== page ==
Clinton to Congress: Pay raise too high
The Office of Management and Budget Thursday released a statement of administration policy opposing the House version of the Defense authorization bill, saying the measure increases military pay and retirement benefits by too much.
The $289 billion Defense authorization bill (H.R. 1401) under consideration in the House includes a 4.8 percent military pay raise for 2000. The House has already endorsed the idea of providing equal raises for military and civilian federal employees next year.
"While the administration is pleased that HR 1401 endorses the key elements of the President's plan to improve military compensation, we are concerned about the excessive costs of the ... bill," said the OMB statement. "The administration is concerned that the bill's military pay increases exceed the Defense program for fiscal 2000-2005 by $1.4 billion and that its retirement reform would be significantly more costly in the long run than the administration proposal."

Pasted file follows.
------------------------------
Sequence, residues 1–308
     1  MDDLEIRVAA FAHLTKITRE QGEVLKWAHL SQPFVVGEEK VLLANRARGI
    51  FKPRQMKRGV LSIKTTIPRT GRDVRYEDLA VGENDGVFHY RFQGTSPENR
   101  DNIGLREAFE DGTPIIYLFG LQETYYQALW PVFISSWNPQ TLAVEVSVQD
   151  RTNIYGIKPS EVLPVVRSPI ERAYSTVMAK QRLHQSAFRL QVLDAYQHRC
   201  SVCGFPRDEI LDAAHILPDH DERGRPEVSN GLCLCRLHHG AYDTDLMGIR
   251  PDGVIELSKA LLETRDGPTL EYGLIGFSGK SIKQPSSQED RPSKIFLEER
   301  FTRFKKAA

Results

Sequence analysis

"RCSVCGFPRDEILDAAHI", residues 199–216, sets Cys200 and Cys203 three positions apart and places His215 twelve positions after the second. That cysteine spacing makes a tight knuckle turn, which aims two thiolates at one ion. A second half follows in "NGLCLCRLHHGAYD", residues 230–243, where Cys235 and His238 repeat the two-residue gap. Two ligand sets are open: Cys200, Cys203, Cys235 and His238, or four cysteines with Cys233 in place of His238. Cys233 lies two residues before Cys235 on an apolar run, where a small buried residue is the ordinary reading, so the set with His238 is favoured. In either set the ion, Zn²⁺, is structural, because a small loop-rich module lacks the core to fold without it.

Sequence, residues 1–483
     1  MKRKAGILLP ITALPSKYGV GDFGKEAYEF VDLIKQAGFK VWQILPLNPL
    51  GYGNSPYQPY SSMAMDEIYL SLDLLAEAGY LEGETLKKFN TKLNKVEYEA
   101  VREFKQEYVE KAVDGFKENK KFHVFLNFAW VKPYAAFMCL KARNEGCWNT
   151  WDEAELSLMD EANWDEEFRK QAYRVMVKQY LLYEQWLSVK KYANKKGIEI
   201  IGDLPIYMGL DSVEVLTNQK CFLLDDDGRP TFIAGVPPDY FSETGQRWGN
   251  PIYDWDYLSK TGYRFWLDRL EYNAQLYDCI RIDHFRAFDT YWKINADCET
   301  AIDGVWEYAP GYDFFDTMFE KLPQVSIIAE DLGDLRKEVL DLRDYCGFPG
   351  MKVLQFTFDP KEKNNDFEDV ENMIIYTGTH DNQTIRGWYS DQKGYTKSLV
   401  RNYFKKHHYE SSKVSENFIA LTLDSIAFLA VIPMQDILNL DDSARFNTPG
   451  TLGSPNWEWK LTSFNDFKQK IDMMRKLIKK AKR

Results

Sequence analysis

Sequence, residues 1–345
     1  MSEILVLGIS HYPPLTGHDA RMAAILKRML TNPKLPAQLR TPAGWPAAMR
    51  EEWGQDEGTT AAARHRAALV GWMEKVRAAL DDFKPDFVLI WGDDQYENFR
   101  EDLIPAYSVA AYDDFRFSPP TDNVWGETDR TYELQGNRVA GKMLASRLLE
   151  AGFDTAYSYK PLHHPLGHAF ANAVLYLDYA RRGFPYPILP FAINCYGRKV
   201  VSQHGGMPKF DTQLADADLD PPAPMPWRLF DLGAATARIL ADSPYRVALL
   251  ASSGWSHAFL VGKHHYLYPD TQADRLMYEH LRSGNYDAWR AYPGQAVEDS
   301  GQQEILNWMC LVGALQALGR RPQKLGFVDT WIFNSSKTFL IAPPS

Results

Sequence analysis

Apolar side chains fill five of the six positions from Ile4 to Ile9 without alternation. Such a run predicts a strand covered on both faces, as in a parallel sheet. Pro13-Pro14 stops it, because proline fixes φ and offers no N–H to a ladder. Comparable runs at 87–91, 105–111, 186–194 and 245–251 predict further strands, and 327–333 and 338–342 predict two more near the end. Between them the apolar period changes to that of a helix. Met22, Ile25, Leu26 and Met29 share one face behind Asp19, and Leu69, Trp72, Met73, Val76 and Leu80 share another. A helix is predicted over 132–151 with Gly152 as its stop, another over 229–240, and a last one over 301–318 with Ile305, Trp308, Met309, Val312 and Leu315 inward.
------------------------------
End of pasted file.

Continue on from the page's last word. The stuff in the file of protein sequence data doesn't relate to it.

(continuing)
President Clinton proposed a 4.4 percent pay increase in his fiscal 2000 budget.
House leaders accused the White House and House Democrats of reversing their ground on the Defense bill just as it was to be taken up on the House floor.
"We've just been informed that the top Democratic leadership is in fact going to turn its back on the White House's request to provide support for our troops," House Rules Committee Chairman David Dreier, R-Calif., charged Thursday afternoon.
The authorization bill provides for full funding for military operations in the Balkans, and excluded an earlier GOP provision that would have ended funding in September.
The Clinton administration also objected to the bill's failure to authorize two additional rounds of military base closings.
Dreier said the House would return after the Memorial Day recess to take up the defense authorization bill and would "look at some changes."